Give Me Liberty or Give Me Eth

The ethtool utility provides ethernet card information and management to die for.

Do you think you have a network bottleneck that’s somehow related to your NIC’s speed or other settings? If so, ethtool might be the utility that will save the day and many painful conversations. Ethtool is a privileged user only (root), powerful system tool that allows you to query and change settings for your system’s ethernet cards. Using it, you can change almost every aspect of a supported card; from the basic to the esoteric.

The Basics

If ethtool didn’t ship with your distribution, pick it up at: Ethtool’s Sourceforge Site. Whether it comes installed on your distribution or you have to install it from source, you’ll find ethtool a valuable new tool and will soon wonder how you lived without it. You must have root or sudo access to install and use ethtool, since it alters a system component’s settings.

You can alter the speed, duplex modes, autonegotiation, wake on LAN (WoL) options and perform tests to name a few of the things you can do with ethtool.

Note: Ethtool doesn’t work well with virtual machines, so you’ll have to rely on other system tools or the hypervisor’s settings for your virtualized systems. If you find that you can alter your VM’s ethernet settings using ethtool, you should set it to autonegotiate and leave it as such for the best performance.

What’s My Config?

Ethtool, from a read-only perspective, gives you a quick view of your current settings and allows you to perform some basic tests without changing anything. Before changing any parameter, you should capture the initial settings and redirect them to a file for safe keeping. You might need to refer to it later when you tweak the settings a little too much.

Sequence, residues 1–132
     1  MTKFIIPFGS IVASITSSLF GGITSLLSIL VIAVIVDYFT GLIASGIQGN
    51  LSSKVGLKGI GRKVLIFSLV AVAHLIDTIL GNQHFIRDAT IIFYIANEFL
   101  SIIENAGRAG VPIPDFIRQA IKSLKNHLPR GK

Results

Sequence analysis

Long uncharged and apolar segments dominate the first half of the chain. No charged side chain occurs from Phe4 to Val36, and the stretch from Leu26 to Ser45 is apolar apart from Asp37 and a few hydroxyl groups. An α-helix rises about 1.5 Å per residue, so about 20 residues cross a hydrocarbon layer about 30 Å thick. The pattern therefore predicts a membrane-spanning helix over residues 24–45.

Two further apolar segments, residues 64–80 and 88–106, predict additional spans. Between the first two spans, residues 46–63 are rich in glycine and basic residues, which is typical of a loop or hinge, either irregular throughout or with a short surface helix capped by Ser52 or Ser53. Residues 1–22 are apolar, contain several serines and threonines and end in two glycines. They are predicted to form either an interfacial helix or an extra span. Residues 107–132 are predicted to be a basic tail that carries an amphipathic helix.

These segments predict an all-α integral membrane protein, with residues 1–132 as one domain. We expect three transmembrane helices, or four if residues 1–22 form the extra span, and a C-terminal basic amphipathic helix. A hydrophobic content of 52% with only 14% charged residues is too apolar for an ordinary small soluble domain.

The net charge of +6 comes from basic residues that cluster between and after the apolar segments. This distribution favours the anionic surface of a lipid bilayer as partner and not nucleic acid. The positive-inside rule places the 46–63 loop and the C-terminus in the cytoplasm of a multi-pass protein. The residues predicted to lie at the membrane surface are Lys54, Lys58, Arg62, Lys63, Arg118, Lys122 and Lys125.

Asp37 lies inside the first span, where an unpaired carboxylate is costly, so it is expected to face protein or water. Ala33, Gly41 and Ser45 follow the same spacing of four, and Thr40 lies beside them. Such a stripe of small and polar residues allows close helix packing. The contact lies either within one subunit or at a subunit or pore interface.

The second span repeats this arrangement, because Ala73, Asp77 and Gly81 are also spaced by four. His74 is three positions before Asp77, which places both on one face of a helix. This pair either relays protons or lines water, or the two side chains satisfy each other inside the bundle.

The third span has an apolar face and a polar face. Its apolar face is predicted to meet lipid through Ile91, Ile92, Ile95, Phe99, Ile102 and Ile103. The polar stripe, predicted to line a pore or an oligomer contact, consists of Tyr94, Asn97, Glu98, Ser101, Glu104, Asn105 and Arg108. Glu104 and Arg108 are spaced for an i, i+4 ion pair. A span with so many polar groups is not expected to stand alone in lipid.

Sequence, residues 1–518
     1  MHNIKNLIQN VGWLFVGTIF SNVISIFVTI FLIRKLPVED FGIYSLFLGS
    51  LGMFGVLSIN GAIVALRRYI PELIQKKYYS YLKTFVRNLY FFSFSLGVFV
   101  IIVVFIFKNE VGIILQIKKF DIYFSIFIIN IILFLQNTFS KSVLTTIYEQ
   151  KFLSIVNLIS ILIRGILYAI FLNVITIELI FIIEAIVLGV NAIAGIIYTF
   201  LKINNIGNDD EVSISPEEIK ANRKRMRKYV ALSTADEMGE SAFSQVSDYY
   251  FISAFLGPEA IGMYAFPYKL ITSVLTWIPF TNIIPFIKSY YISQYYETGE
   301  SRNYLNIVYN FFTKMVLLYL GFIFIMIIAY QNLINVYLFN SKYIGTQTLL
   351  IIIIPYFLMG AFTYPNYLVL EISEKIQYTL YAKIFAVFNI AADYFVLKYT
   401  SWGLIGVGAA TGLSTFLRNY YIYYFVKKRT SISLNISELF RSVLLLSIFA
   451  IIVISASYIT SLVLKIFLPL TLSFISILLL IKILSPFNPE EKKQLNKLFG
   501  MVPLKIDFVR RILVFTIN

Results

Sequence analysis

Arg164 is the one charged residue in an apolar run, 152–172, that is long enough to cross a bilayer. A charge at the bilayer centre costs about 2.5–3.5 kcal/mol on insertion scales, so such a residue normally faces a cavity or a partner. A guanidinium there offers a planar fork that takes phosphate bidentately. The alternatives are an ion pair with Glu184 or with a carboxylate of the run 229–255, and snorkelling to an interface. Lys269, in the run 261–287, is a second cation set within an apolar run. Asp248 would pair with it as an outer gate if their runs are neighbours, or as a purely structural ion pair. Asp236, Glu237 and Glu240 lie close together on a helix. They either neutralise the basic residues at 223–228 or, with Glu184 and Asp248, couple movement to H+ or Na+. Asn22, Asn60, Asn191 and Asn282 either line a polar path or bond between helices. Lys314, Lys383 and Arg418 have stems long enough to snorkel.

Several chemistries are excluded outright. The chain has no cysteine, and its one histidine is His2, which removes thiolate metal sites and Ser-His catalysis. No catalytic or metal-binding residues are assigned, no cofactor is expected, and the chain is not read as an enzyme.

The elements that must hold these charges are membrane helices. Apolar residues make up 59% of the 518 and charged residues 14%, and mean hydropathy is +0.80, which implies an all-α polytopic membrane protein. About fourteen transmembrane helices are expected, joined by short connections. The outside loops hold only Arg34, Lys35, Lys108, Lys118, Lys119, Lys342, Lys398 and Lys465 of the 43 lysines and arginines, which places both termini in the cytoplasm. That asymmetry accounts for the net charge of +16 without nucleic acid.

The simplest command to query NIC settings is to issue the ethtool command and reference one of your network interfaces. You can see your currently configured network interfaces via the ifconfig command.

$ /sbin/ifconfig
eth0      Link encap:Ethernet  HWaddr 00:50:04:64:E4:49
          inet addr:192.168.1.250  Bcast:192.168.1.255  Mask:255.255.255.0
          inet6 addr: fe80::250:4ff:fe64:e449/64 Scope:Link
          UP BROADCAST RUNNING MULTICAST  MTU:1500  Metric:1
          RX packets:1178424 errors:408 dropped:0 overruns:0 frame:413
          TX packets:305258 errors:0 dropped:0 overruns:0 carrier:0
          collisions:0 txqueuelen:1000
          RX bytes:154186213 (147.0 MiB)  TX bytes:142713819 (136.1 MiB)
          Interrupt:233

eth0:1    Link encap:Ethernet  HWaddr 00:50:04:64:E4:49
          inet addr:192.168.1.245  Bcast:192.168.1.255  Mask:255.255.255.0
          UP BROADCAST RUNNING MULTICAST  MTU:1500  Metric:1
          Interrupt:233

lo        Link encap:Local Loopback
          inet addr:127.0.0.1  Mask:255.0.0.0
          inet6 addr: ::1/128 Scope:Host
          UP LOOPBACK RUNNING  MTU:16436  Metric:1
          RX packets:159 errors:0 dropped:0 overruns:0 frame:0
          TX packets:159 errors:0 dropped:0 overruns:0 carrier:0
          collisions:0 txqueuelen:0
          RX bytes:207879 (203.0 KiB)  TX bytes:207879 (203.0 KiB)

As you can see, eth0 is the primary network interface on this system. To check its statistics, use the following command.

$ sudo /usr/sbin/ethtool eth0
Settings for eth0:
        Supported ports: [ TP MII ]
        Supported link modes:   10baseT/Half 10baseT/Full
                                100baseT/Half 100baseT/Full
        Supports auto-negotiation: Yes
        Advertised link modes:  10baseT/Half 10baseT/Full
                                100baseT/Half 100baseT/Full
        Advertised auto-negotiation: Yes
        Speed: 100Mb/s
        Duplex: Full
        Port: MII
        PHYAD: 24
        Transceiver: internal
        Auto-negotiation: on
        Current message level: 0x00000001 (1)
        Link detected: yes

These are the default settings for this system’s primary NIC. Currently the NIC is set to 100Mb/s full duplex and it is connected. You can also view virtual interfaces, such as the one shown from the ifconfig.

$ sudo /sbin/ethtool eth0:1
Settings for eth0:1:
        Supported ports: [ TP MII ]
        Supported link modes:   10baseT/Half 10baseT/Full
                                100baseT/Half 100baseT/Full
        Supports auto-negotiation: Yes
        Advertised link modes:  10baseT/Half 10baseT/Full
                                100baseT/Half 100baseT/Full
        Advertised auto-negotiation: Yes
        Speed: 100Mb/s
        Duplex: Full
        Port: MII
        PHYAD: 24
        Transceiver: internal
        Auto-negotiation: on
        Current message level: 0x00000001 (1)
        Link detected: yes

Ethtool allows you to test certain supported NIC hardware. Here’s an example of such a test.

 $ sudo /sbin/ethtool -t eth0